I keep forgetting to mention this anywhere: Zoe Barry is an acquaintance and former mixed-netball teammate of mine (true fact) who is also a wildly talented musician. She's worked with Rawcus and also does her own thing too. Here is one of those things:
"Apart from the fact I love hearing people talk about music experiences, underlying the concept is my interest in moments where art overtakes and overwhelms the audience, those moments where you experience an "unmotivated upsurge of the world". And the music gig being one of the rare places where people often articulate those moments, impulsively, loudly and in strange utterances."
Given my own obsession with audience behaviours in theatres, I heartily commend this project, which doesn't have a fixed outcome yet as far as I know. If you have a story, email it to firstname.lastname@example.org
In a weird coincidence, another acquaintance just dropped into my shop and mentioned that she's joined the ensemble of Rawcus. How strange.
IN OTHER NON-NEWS: I've been going through the hundreds of bookmarks on my computer and have only just realised that some of them completely baffle me. Why have I bookmarked this poor quality version of a song I don't know by a band I've never really paid attention to?
WHAT'S WITH THE CURSE OF THE LOVE SWEATER? There's a superstition among knitters, apparently, that making someone a sweater will lead to them breaking up with you shortly thereafter. I like that this wikipedia entry actually goes into the possible mechanics of these situations, rather than dissing them as fantasy. In fact, the proposed explanations make a bit of sense.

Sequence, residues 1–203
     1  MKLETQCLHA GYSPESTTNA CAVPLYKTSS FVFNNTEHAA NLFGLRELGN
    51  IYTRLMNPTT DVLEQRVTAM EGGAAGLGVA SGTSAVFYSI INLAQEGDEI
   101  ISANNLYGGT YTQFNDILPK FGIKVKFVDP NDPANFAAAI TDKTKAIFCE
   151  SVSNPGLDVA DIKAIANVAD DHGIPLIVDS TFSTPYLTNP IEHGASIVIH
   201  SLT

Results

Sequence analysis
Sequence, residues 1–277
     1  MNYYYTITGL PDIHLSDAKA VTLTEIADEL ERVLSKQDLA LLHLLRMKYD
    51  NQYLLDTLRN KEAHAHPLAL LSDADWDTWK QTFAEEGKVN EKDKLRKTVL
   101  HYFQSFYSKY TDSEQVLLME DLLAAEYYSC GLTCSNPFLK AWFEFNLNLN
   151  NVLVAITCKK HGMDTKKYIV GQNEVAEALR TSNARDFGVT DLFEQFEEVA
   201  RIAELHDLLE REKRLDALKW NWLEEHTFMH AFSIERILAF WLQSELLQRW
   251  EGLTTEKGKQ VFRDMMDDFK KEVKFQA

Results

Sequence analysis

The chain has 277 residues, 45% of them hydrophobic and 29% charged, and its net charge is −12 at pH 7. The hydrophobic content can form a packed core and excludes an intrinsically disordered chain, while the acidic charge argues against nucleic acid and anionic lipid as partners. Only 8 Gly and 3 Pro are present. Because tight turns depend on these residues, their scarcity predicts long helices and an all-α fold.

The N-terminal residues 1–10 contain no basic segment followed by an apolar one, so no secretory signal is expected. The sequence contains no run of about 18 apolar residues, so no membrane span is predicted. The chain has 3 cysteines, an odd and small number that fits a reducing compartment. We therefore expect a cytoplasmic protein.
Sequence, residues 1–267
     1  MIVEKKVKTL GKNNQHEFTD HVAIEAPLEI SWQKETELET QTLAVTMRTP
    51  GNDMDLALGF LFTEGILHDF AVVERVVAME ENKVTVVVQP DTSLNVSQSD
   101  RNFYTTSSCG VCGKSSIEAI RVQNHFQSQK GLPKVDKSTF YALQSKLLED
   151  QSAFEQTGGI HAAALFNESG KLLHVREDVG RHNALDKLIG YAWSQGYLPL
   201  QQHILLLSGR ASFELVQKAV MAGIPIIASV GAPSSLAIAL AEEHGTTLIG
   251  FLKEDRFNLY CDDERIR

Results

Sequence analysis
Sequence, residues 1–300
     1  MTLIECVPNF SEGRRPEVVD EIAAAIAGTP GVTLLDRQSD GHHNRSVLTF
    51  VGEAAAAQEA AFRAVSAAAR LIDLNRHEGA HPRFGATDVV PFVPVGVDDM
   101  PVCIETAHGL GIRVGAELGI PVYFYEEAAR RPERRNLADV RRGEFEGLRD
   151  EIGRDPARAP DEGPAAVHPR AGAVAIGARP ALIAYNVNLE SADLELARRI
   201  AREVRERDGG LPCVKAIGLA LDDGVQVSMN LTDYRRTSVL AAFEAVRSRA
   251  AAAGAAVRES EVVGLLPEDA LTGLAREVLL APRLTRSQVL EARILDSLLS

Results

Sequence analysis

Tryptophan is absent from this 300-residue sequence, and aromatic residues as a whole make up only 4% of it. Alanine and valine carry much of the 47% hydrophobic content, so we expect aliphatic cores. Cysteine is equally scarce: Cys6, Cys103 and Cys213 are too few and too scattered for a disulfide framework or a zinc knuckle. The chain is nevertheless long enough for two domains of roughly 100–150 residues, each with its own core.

A WHILE AGO I found myself up at 5am researching Baba Yaga for no reason at all except that I couldn't sleep and was thinking "Baba Yaga, what was with her?" I came upon the art of Ivan Bilibin and I love love love it.
Bilibin was a vastly important illustrator who also worked as a stage designer, including with the Ballet Russes. I wonder if the Australian Ballet research project into the BR has anything on him.
IF YOU ARE INTERESTED IN CATS AND/OR THEATRE then you will find this piece very enjoyable. It details the history of theatre cats - in Britain, at least, there was a time when no self-respecting playhouse would be without a moggie prowling the wings and occasionally wandering onto the stage.
IF YOU DO NOT LIKE BOOKS then you will find this piece equally enjoyable. You'll probably find it enjoyable if you do, too. Books can be put to other uses besides reading.